This is work that simply gets you to where you can then start building properly, and all of those days of electricians and labourers cost money (with 20% VAT on top), and they are all unpredictable in their duration and therefore cost.

With work on existing houses, builders really only know what it will cost once they are back in control of the project.

How much of that work does your renovation project involve? What is the cost of getting to zero? With a self-build project, your project has already jumped to ‘zero’.

Did you know...

Replacement Dwelling, Old bungalow replaced with new Potton self build home
...that replacing an existing house is increasingly becoming one of the most common ways to build a new home.

Lots of our customers find a plot with an existing house on and replace it for something new!

Find out more about replacement dwellings.

7. Demolition costs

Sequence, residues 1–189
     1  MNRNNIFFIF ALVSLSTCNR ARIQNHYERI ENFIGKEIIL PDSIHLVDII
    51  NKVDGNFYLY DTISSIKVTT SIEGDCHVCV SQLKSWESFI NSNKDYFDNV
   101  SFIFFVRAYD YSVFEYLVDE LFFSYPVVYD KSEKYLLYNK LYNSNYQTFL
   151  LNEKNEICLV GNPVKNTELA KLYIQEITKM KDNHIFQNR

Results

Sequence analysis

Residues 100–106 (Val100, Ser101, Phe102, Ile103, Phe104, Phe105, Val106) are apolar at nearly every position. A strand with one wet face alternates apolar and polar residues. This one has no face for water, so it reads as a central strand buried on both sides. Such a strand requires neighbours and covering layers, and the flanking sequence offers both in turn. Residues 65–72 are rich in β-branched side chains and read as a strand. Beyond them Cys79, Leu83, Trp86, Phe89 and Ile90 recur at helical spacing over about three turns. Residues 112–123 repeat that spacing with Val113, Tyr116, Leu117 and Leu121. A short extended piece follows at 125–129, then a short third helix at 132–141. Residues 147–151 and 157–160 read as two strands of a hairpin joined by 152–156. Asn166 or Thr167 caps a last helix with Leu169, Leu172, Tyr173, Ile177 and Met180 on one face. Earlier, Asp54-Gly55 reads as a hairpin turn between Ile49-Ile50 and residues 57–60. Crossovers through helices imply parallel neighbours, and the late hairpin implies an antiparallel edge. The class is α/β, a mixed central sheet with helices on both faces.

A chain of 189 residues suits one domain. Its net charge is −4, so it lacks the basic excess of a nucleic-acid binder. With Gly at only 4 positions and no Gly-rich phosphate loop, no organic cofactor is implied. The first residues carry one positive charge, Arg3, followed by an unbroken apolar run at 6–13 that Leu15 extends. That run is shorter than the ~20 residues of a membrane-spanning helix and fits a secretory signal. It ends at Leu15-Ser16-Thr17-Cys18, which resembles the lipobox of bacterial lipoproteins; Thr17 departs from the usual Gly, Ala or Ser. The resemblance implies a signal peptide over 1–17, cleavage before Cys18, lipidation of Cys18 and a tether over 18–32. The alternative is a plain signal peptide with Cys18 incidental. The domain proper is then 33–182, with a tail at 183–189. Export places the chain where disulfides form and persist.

Many renovators refuse to consider replacement because of the perceived cost of demolition. The truth is that it varies – it depends on the size of the house being demolished, how easy it is to take apart and, most importantly, what can be done with the existing materials.

A good ballpark range for the demolition of a standard house is £5000-£15,000, which in the grand scale of a project, is minimal – and certainly more than clawed back in the VAT savings enjoyed on a new build.

Working with Potton

You could, however, go through all of the calculations above and favour replacing the whole house and still end up deciding to muddle through a renovation project.

Here’s why:

8. The size and condition of the original home

Here’s a fairly simple situation. You’ve bought a large 300m2 house which you paid £400,000 for that, according to your builder, needs around £200,000 worth of work to get it to where you want to be. This would include adding on a modest 50m2 extension.

If you decided to knock down the existing house and rebuild to the same design and specification, you’ll end up needing to spend approximately £450,000 (£1,286 x 350m2) to self build.

The point is that the scale and condition of the existing house is critical to deciding how to proceed. If the original house was 100m2 and you wanted a 350m2 house, you’d be much better self-building. If ‘B’ is the value of what it takes to get you from A to C, then the key is in working out the scale of B in relation to A.